It is much easier to stay quiet than interject yourself into the burning trash fire of political conversation. It’s loud and abrasive. Relationships get damaged. So, why not just stay quiet?
In Martin Luther King Jr’s “Letter from Birmingham Jail,” he “[confesses] that [he] is not afraid of the word tension.” Nonviolent tension is necessary to the progression of society. In MLK’s words it “creates a crisis and [establishes] such creative tension that a community that has consistently refused to negotiate is forced to confront the issue.” By not being afraid of the tension, by confronting it, it puts urgency onto the topic, forcing full ideas to be said and debated. When you sit on the sidelines, where do your needs and wants enter the conversation?
I know that these conversations are unnerving and awkward, but how else are we supposed to learn our wants and needs as a whole? If we allow only the affluent senators and congressmen to have these tension-filled conversations, where do our voices come in beyond our November 2nd vote?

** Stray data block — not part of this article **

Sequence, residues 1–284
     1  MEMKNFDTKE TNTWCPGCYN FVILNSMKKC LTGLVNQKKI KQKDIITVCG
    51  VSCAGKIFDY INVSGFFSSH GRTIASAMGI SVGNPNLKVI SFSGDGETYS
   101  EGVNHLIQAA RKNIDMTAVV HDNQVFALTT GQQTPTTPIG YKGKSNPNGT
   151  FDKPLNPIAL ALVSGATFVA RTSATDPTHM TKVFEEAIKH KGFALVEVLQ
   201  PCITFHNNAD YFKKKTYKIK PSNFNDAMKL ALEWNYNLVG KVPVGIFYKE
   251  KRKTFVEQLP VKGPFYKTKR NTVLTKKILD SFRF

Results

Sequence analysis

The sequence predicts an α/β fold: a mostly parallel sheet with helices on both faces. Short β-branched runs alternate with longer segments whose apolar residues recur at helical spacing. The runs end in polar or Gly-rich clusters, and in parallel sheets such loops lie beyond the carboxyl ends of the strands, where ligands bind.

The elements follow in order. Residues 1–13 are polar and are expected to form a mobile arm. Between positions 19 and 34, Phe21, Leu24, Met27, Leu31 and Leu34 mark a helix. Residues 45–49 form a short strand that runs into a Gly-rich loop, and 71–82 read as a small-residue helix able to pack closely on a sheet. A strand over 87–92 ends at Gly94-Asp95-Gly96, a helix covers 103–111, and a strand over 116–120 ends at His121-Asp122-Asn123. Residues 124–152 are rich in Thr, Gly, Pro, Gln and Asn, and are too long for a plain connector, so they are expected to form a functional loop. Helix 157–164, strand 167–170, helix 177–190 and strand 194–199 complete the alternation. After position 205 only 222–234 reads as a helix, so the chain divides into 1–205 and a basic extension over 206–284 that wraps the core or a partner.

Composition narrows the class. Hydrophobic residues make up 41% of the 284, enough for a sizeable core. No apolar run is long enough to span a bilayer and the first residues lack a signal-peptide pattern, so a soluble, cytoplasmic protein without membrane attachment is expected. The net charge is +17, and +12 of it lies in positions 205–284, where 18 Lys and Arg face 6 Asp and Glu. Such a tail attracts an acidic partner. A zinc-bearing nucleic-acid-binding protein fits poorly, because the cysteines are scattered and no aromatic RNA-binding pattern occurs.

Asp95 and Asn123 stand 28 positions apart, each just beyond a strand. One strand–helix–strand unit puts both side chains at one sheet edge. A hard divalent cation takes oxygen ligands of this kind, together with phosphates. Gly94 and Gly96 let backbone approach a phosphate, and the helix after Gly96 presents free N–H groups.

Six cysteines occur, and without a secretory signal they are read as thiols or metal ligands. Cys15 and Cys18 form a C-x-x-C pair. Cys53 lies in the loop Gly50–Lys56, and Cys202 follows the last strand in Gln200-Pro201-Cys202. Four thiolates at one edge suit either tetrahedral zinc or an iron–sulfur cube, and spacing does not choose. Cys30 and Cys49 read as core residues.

So, you don’t sit on the sidelines and you have these conversations no matter how awkward or unnerving. When done nonviolently and with respect, political conversation returns to the hands of the elector. We cannot rely on our representatives to know what we think. If we do not have our own debate and form collective demands from our government, they will use their power to benefit the ones that do talk like the wealthy corporations. Staying silent is staying compliant to the lack of attentiveness towards the needs of the governed like veteran’s programs and income equality.
Even if you think your small conversation will do nothing in the large scheme of the country, know that voicing even one opinion is better than none. If you say something, someone will hear it, someone will think about it, and someone will intertwine it into their own thoughts. If you are afraid of the criticism, try to open yourself to it. Listen to others as you wish they would listen to you. Political conversation does not have to ruin your relationships. It can be insightful and productive. In my own life and my own practice of sharing my opinions, I have been able to enter the tension, keep a cool head, and earn respect from those who disagree with me. Hopefully, you take strides to enter the tension. Remember, be respectful, nonviolent, and open to criticism. By doing that, your voice as a citizen can be heard.